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A novel climate solution in California utilizes limestone to capture atmospheric carbon dioxide, marking a significant step in environmental technology.

Heirloom, a company based in Tracy, California, recently launched an innovative climate solution at its new warehouse. This facility, the first commercial direct air capture (DAC) plant in the United States, employs a unique method using limestone to extract carbon dioxide directly from the air. The process involves storing the captured carbon in concrete, effectively removing it from the atmosphere.

The significance of this technology lies in its ability to address the increasing concerns over the climate crisis. While the idea of capturing carbon from the air was once deemed far-fetched, it has now gained traction among scientists and political leaders as a critical tool in mitigating climate change. The Biden administration has shown support by allocating at least $3.7 billion to initiate DAC and other carbon removal projects across the nation.

Heirloom's approach involves heating limestone to high temperatures, breaking it down into carbon dioxide and calcium oxide. The carbon dioxide is then stored in concrete, useful for construction projects. The remaining calcium oxide is exposed to the open air on trays, naturally absorbing carbon dioxide. This cyclic process is energy-efficient, relying on limestone's inherent property to capture carbon molecules from the air.

The impetus behind Heirloom's initiative comes from its CEO, Shashank Samala, who was motivated by his experiences of heatwaves and droughts in southeast India. He aims for Heirloom's technology to have a significant and scalable impact on climate change. However, achieving a substantial reduction in atmospheric carbon remains a challenge. The current facility can absorb a maximum of 1,000 metric tons of CO2 annually, which is a small fraction compared to the emissions of a gas-fired power plant. Heirloom aims to remove 1 billion tons of carbon dioxide by 2035, but this requires a substantial increase in capacity.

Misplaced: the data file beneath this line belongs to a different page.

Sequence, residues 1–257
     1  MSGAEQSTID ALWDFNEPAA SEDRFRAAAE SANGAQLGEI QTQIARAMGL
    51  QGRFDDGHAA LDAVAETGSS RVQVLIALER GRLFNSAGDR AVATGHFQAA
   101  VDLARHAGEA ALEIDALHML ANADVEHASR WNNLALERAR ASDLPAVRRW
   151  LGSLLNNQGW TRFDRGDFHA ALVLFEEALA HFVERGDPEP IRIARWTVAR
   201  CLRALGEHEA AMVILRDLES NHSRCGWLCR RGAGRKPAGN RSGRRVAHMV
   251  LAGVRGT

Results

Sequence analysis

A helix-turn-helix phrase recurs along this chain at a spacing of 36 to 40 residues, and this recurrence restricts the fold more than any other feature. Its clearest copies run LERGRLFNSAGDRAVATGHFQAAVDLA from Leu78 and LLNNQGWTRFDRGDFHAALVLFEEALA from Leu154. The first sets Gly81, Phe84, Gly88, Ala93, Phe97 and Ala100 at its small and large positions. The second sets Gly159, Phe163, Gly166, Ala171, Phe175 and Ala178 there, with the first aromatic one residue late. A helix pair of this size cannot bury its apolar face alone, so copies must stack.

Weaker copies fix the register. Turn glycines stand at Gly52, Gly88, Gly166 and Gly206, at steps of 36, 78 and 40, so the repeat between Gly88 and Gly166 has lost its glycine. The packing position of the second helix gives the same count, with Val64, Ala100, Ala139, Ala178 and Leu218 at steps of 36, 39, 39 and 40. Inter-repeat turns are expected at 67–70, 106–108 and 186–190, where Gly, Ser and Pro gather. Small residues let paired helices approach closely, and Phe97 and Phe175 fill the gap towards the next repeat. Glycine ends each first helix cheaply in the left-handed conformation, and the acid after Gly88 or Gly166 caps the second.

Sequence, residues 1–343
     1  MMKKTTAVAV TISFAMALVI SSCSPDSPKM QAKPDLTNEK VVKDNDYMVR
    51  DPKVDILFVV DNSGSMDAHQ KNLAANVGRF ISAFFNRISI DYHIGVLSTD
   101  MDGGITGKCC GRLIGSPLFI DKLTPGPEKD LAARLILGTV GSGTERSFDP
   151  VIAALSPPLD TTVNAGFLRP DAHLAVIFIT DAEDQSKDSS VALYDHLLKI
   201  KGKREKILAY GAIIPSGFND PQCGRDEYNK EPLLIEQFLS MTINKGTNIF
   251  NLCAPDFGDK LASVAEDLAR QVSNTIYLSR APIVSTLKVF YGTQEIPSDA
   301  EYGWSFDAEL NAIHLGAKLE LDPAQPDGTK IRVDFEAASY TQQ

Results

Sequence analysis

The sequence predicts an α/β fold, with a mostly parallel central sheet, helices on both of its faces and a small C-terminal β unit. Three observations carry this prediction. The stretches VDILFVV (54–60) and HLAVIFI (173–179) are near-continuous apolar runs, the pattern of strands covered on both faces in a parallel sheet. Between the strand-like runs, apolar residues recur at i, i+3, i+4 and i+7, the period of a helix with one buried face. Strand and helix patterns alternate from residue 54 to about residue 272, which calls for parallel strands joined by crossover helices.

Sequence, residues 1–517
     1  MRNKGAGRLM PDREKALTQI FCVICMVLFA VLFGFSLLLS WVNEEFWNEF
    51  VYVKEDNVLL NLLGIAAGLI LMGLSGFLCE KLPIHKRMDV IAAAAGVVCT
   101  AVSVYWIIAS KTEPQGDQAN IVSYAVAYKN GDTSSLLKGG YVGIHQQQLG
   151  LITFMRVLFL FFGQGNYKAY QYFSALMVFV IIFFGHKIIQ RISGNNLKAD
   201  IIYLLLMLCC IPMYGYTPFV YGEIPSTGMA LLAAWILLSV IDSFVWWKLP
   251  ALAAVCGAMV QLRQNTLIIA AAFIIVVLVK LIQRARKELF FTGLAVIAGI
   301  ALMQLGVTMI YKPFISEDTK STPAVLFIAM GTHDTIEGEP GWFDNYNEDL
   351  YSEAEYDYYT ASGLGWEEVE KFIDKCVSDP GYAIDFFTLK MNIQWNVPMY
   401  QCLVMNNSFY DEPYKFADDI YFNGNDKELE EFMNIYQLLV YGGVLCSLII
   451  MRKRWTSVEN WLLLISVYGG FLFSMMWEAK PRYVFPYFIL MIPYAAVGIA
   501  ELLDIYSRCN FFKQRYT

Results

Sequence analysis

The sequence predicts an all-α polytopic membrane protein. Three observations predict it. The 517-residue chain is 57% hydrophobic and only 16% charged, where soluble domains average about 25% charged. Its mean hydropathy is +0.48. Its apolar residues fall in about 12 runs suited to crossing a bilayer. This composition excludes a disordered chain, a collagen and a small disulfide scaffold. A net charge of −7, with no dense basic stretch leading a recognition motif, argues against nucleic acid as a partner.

Capturing and stowing away carbon from the air was once considered a far-fetched idea. Today, scientists and political leaders see it as an inevitable tool in mitigating the climate crisis. Money from both private and public sources is pouring in, and the Biden administration has committed to spending at least $3.7bn to kick-start DAC and other carbon-removal projects across the United States.

Financial backing for such scaling up is coming from various tech firms. Microsoft, for instance, has signed a contract with Heirloom to offset its emissions as part of its net-zero goals. Additionally, a fund named Frontier has committed $46.6 million to Heirloom and another carbon-sucking venture.

Heirloom emphasizes its commitment to environmental values, choosing renewable energy sources and avoiding investments from oil and gas companies. They are particularly cautious about the use of captured carbon, ensuring it doesn't indirectly contribute to further CO2 emissions.

According to The Guardian, further support comes from the Department of Energy, which awarded Heirloom $600 million to build a larger facility in Louisiana capable of processing up to a million tons a year. The modular design of their facilities allows for scalability by simply using larger trays and stacking more trays.

Experts acknowledge the challenges of DAC technology, highlighting its high costs and energy requirements. The process involves moving vast amounts of air to extract a relatively small fraction of carbon, making it an expensive endeavor. Despite these hurdles, experts like Brad Sageman, an earth and planetary scientist, stress the importance of exploring all possible solutions to the climate crisis.

Samala envisions a future where the role of direct air capture is widely recognized, akin to how city governments manage waste. He advocates for a societal shift in thinking, where people acknowledge the need to pay for the carbon dioxide they produce, marking a significant step towards addressing environmental challenges.

Eunice is a sustainability writer whose passion is sharing accessible eco-friendly practices with GreenCitizen's global readership. She enjoys birdwatching during her downtime, often deriving inspiration from nature's resilience. An enthusiastic cyclist, she is also an ardent advocate of eco-friendly transport.

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